Although many have focused on NRA political contributions as proof of a corrupting influence, I think our primary focus should be less on donations to individual elected officials, and more on the organization’s larger efforts to brainwash its members into voting en masse against candidates who support responsible gun reform.

As Vox recently reported, while gun reform groups have often focused on matching the NRA’s mammoth fundraising efforts, the larger threat the organization poses is actually its ability to mobilize voters.

One tactic the organization uses to foment anxiety within its ranks is to perpetuate the notion that the government is attempting to seize the weapons of law-abiding citizens, and so any compromise would represent a slippery slope toward a total ban on firearms.

For proof of the lucrative effect of fearmongering, look no further than the historical spike in gun sales after mass shootings, which I believe can only be explained by efforts of groups like the NRA to instill fear in their members to stock up on guns now before the government regulates them out of existence.

Another favorite NRA technique is the “whataboutism,” usually reserved for conversations about the actions of Russian intelligence services

Sure, the San Bernardino attack involved a firearm, but what about the attackers’ radical terrorist motivations? OK, so the Orlando Pulse nightclub shooter had an assault rifle, but what about the fact authorities may have failed to properly investigate him? These somersaults of logic and linguistics are creative, but they fail to admit that the common denominator in gun violence is the gun.

Just as important as identifying how the NRA operates is focusing on the reason it engages in these tactics. The question NRA members should ask themselves is whether the organization exists to serve the interests of gun owners, or simply those of gun manufacturers.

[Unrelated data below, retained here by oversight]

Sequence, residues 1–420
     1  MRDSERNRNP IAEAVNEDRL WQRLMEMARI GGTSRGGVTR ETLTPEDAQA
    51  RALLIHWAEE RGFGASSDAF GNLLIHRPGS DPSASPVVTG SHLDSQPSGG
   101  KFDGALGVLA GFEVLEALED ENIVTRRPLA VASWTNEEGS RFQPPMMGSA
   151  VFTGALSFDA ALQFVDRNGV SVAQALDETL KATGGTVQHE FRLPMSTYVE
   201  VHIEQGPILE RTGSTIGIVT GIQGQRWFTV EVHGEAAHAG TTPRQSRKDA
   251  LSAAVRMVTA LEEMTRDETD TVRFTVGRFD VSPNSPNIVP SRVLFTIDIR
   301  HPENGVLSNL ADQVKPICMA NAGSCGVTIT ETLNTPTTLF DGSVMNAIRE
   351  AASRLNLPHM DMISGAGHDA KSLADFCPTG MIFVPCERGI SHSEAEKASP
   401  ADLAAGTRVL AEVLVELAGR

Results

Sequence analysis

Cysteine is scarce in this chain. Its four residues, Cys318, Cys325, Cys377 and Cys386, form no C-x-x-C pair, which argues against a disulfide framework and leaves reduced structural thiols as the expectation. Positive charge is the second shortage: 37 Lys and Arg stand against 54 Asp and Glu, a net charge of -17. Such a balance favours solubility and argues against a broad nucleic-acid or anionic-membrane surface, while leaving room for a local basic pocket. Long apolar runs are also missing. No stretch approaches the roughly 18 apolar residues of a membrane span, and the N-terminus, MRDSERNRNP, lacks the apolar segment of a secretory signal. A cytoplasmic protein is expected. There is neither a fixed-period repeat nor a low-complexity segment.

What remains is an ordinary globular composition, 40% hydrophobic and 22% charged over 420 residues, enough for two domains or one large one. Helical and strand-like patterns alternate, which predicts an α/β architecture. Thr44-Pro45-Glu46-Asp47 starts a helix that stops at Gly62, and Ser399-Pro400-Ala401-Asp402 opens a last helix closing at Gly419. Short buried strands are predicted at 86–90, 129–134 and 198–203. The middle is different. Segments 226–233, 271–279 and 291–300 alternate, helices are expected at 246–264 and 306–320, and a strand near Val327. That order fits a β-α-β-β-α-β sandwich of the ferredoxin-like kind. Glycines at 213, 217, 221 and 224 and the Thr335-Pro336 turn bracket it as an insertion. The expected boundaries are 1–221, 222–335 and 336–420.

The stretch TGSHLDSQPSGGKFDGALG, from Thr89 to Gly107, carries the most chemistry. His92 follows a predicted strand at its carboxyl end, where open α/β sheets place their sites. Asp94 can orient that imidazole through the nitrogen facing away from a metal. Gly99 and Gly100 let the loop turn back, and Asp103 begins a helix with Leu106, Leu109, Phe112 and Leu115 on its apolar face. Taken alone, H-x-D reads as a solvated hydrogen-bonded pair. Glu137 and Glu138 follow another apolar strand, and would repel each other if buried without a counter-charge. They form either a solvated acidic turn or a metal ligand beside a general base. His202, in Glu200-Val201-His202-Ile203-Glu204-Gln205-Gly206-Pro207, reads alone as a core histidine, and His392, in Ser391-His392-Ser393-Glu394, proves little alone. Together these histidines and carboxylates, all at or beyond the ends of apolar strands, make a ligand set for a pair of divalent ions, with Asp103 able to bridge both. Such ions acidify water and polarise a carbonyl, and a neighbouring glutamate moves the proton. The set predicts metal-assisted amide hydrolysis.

If the latter, the public would be right to watch the organization’s efforts with suspicion and to be on guard for manipulation. As long as the organization continues to receive revenue from the sale of some gun purchases, it will be tough to convince a skeptical public of its purity.

Fortunately, there is an antidote to the fearmongering: it is the hope generated in the aftermath of the Parkland, Florida, shooting by the thousands of students and responsible gun reform supporters who have determined enough is enough and the time for real action is now.

These students have inspired a wave of public support and give many of us hope that we can agree on ridding our streets and schools of weapons of war without threatening our Second Amendment rights.

For its part, the NRA can either get onboard, stop its vicious attacks on those working to save lives, and return to its roots, or it will find itself even further along the road to becoming a relic its former members once celebrated.

Contrary to the NRA’s current narrative, the path to sensible gun reform isn’t a slippery slope, it’s simply uncharted terrain. And with support from those around us, we can all take a step in the right direction without falling down.